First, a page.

Nevertheless, Alderman and other scholars argue that Confederate monuments should not be removed but recontextualized, with signage offering context about their purposes and intent. Taking them down “would be a mistake because then you lose the opportunity for educating people [and] that racism becomes invisible,” says Rosemary Feurer, a historian at Northern Illinois University in DeKalb.

In 2016, Baltimore installed plaques explicitly stating that statues of Confederate figures such as Lee and Stonewall Jackson had been intended as part of a campaign of racial intimidation. “These larger-than-life representations of Lee and Jackson helped perpetuate the Lost Cause ideology, which advocated for white supremacy, portrayed slavery as benign and justified secession,” one plaque said.6

But last August, Baltimore's new mayor, Catherine Pugh, decided the statues had to be removed. “I don't know why they were put there — I wasn't here at the time — but I do know they're offensive to many people in this nation,” she said. “What should go in their place is a plaque of sorts that tells what was there and why it was removed.”7

Defenders of the monuments say such actions erase history. They warn that people offended by Confederate figures may go even further, such as by removing monuments of the nation's founders who were slave owners. “I wonder, is it George Washington next week? And is it Thomas Jefferson the week after?” Trump said in August. “You know, you really do have to ask yourself, where does it stop?”8

Historians say there is a difference between leaders who owned slaves and those who led a treasonous war to perpetuate slavery.

“Jefferson was a slaveowner, but he authored words that have been used by black Americans and others seeking inclusion into full American citizenship since the founding,” says Harvard University historian Annette Gordon-Reed. “That and his many other accomplishments set him apart.”

Over the past couple of years, several state Democratic parties have removed the names of Jefferson and Andrew Jackson from their annual fundraising dinners, out of sensitivity to the fact that Jefferson owned slaves and Jackson oversaw the forcible removal of American Indians from their homes to unsettled lands west of the Mississippi River.9 On Dec. 18, the Colorado Democratic Party announced it was renaming its Jefferson-Jackson Dinner in honor of Barack and Michelle Obama.10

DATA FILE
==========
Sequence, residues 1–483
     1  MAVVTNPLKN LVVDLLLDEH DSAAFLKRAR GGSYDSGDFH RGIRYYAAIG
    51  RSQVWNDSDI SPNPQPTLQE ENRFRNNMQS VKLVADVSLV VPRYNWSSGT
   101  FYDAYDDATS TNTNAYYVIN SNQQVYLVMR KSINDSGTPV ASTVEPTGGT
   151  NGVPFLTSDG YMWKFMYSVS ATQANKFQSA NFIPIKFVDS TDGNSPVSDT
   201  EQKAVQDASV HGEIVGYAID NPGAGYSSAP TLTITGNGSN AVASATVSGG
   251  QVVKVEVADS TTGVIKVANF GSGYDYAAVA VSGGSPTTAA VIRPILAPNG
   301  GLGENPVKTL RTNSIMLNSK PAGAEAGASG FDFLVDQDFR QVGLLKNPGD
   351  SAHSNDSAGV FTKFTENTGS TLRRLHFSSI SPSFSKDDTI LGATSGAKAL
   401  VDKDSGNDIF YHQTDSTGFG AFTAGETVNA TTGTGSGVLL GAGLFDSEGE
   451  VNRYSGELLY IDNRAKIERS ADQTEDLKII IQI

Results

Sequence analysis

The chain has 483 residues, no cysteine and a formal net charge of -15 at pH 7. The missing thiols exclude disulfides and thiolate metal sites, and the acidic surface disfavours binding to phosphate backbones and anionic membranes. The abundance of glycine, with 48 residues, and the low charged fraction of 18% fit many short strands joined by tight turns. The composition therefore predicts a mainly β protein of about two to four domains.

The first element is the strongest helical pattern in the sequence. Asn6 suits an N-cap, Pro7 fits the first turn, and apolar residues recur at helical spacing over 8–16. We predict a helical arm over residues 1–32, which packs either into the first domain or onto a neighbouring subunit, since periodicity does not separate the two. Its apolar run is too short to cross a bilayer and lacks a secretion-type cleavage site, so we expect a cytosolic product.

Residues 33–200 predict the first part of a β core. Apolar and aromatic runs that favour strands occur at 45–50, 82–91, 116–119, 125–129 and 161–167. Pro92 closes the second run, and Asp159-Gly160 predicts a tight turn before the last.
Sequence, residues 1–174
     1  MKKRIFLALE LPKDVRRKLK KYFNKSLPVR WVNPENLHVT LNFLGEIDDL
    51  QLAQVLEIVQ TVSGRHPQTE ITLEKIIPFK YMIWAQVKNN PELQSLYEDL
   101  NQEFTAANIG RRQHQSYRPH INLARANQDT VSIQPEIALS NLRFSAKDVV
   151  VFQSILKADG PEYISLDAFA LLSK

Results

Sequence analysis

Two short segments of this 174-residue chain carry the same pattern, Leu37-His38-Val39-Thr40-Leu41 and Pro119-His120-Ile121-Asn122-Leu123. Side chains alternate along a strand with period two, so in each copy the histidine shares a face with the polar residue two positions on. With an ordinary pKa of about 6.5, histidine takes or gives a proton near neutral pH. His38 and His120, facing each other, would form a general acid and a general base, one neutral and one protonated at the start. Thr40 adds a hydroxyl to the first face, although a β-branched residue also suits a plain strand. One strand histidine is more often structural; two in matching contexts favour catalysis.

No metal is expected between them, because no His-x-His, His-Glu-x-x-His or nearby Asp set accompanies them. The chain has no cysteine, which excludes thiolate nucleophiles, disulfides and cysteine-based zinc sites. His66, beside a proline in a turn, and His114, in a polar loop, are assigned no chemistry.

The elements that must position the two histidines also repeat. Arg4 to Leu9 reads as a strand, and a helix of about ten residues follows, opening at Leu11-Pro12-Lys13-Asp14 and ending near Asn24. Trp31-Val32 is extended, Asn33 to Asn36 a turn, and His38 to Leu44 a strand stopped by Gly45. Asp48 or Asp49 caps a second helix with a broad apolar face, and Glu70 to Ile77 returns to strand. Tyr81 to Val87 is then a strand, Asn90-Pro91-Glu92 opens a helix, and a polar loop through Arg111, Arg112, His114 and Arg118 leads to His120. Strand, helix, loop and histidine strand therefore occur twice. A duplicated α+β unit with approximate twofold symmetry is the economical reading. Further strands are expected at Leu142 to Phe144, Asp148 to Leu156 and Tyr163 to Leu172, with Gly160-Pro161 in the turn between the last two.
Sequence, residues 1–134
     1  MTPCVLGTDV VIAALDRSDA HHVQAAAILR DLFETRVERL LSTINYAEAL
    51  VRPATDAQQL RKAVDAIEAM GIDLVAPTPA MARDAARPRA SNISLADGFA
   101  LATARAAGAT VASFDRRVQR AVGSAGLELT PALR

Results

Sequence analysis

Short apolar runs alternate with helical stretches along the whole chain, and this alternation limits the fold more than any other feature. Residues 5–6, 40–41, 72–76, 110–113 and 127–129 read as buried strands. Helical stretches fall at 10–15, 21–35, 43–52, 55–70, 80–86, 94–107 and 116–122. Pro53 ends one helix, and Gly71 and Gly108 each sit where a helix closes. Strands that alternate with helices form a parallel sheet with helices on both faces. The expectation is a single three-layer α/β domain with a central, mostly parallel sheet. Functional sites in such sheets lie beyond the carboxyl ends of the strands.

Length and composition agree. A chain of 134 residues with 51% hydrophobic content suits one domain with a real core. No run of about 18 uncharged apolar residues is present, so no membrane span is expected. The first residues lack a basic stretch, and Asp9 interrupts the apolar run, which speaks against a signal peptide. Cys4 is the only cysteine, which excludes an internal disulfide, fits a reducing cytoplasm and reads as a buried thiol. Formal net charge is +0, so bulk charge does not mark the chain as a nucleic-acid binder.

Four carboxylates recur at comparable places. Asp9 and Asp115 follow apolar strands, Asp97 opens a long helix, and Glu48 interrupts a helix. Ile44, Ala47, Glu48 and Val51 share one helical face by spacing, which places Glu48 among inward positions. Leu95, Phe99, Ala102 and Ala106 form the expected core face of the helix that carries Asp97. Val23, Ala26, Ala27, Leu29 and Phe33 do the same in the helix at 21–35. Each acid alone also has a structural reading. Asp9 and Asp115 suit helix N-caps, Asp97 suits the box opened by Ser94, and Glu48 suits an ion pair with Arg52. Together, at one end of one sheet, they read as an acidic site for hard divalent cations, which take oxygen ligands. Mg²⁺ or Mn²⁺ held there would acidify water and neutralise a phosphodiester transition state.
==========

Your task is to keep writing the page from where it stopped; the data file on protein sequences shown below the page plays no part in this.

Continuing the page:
In December, more than 100 artists and academics wrote to New York City Mayor Bill de Blasio calling for the removal of several statues in the city that they said glorified racism, including representations of Christopher Columbus, who has been criticized for his treatment of indigenous peoples, and Philippe Pétain, a French leader who collaborated with the Nazis during World War II. De Blasio said he favors removing symbols of hate from city property.11

But some cities in the South have not succeeded in removing Confederate monuments. In December, Memphis acted to get around a state prohibition on removal of Confederate monuments by deciding to sell parks to a nonprofit, which was not prohibited from removing the monuments, while in Virginia the Richmond City Council voted down a proposal to request permission from the Virginia General Assembly to remove five Confederate statues from Monument Avenue.12

— Alan Greenblatt

[5] Christina Caron, “Heather Heyer, Charlottesville Victim, Is Recalled as ‘a Strong Woman,’ ” The New York Times, Aug. 13, 2017, Also see Paul Duggan, “Charge upgraded to first-degree murder for driver accused of ramming Charlottesville crowd,” The Washington Post, Dec. 14, 2017, https://

[6] “Lee Jackson Monument, 1948,” Special Commission to Review Baltimore's Public Confederate Monuments,

[7] Colin Campbell and Luke Broadwater, “Citing ‘safety and security,’ Pugh has Baltimore Confederate monuments taken down,” The Baltimore Sun, Aug. 16, 2017,

[8] Jennifer Schuessler, “Historians Question Trump's Comments on Confederate Monuments,” The New York Times, Aug. 15, 2017,

[9] Alan Greenblatt, “Jefferson Who? Democrats Are Disowning Their Founders,” Governing, July 31, 2015,

[10] Jacqueline Thomsen, “Colorado Dems rename annual event the ‘Obama Dinner,’ ” The Hill, Dec. 18, 2017,

[11] Peter Libbey, “Academics and Artists Weigh In on Controversial City Monuments,” The New York Times, Dec. 2, 2017,